Celebrity Infinity at the cruise liner terminal

NW Hotels call for Covid rescue plan

Hoteliers across Liverpool and the North West have made an urgent plea to government to save the sector from collapse due to Covid restricitons.

The three chairs of the Liverpool, Chester and Manchester Hoteliers Associations have penned an open letter calling on northern politicians and business leaders to develop an economic rescue plan with 10 Downing Street, “to avoid catastrophe and potential failure of the Northern Powerhouse”.

In Liverpool city centre alone, hotel occupancy from March 1 to August 31 had halved, with just 450,00 rooms sold in that 6 month period compared to 1 million in 2019.

The three Associations represent over 250 plus hospitality businesses with numbers rising.

Marcus Magee, General Manager at Hilton Liverpool and chair of Liverpool Hospitality Association, said; “The immediate introduction of tier three to Liverpool City region meant an immediate recommendation on not travelling to a tier 3 area, instantly paralysing the need for hotels, many overnight stays released overnight, putting all hospitality businesses large and small in a precarious position to remain trading.”

Liverpool City Council has launched a £10m emergency stop gap fund to help hospitality businesses but has told government this will not be enough to avoid countless thousands of job losses across the sector.

Steven Hesketh, CEO of Savvy Hotels and chair of Chester Hospitality Association, with independent hotels in both Chester and Liverpool, said; “There are a tsunami of job losses already and whilst the tiered situation may have differences, Chester being sandwiched between Merseyside and North Wales, means our customer base is already cut off with these areas unable to travel. The result of this is that bookings have all but dried up.”

Video: The hotel sector has struggled since lockdown, listen to Steven Hesketh here talking in April at its outset.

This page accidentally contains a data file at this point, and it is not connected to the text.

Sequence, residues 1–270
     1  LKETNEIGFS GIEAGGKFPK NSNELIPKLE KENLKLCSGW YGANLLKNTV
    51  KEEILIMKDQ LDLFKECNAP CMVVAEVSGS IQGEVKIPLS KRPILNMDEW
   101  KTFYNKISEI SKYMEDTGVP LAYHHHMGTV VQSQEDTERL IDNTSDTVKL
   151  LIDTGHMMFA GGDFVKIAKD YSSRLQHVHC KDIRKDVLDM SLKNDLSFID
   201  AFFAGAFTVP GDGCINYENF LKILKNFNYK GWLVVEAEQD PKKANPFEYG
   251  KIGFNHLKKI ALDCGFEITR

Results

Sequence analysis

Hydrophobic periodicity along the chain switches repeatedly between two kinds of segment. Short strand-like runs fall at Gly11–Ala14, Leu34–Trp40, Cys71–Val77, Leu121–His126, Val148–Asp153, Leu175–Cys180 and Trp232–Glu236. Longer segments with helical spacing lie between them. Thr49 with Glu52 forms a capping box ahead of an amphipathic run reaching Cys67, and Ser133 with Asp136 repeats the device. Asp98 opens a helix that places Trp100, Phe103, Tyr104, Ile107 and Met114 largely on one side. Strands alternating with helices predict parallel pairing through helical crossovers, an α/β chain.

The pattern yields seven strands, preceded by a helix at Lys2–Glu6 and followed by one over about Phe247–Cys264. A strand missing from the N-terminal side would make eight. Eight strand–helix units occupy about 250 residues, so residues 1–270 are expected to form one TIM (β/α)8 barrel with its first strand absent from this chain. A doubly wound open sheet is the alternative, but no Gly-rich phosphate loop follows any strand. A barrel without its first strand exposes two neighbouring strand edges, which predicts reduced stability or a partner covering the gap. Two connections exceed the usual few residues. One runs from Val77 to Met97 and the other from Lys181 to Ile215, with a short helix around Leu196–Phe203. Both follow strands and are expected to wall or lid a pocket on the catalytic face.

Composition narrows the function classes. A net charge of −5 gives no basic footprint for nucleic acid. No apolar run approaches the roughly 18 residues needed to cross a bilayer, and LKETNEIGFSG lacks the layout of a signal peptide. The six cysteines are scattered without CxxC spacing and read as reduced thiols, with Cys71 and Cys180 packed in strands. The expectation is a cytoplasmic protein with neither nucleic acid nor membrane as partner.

Adrian Ellis, General Manager of the Lowry Manchester and chair of Manchester Hoteliers Association added; “Manchester has been under stricter restrictions than the rest of the country for months now, the cities’ hotel occupancies have been on their knees for some time and the furlough scheme must be re-reviewed at an instant to avoid further damage.”

In all three cities, the hospitality sector underpins much of the economic activity across the region. In Liverpool alone, it generates £3bn a year to the city’s economy and employs 38,000 people.

The open letter states that wider economy will also be affected as hospitality venues hire accountants, HR consultants, marketing agencies and digital companies and they have a huge supply chain to deliver F&B.

It continued: “In addition, hospitality already has many companies, in the events, cultural and sporting sectors, hanging on by a thread. The devastation this is causing to Northern England is putting in concrete the North South divide.

“As Christmas nears and tier politics continue, anger and frustration from business is exacerbated by the fact that there is no evidence that local lockdowns are working – and seemingly there is no strategy beyond lockdown. So, what happens if the ‘R’ rate goes down in October. Do we have another grand re-opening of the hospitality venues in November, only to see infection rates creep up again, leading to a Christmas shutdown?

“The government are treating businesses with contempt. There has been no consultation, no forward planning and no consideration of the wider implications to the economy or indeed other health matters. We demand the government listen to the collective voices of political and business leaders from across the north.

We are all concerned about infection rates, but we must address the wider implications of placing businesses and cities in paralysis, with very little direct business support.”

Liverpool Waterfront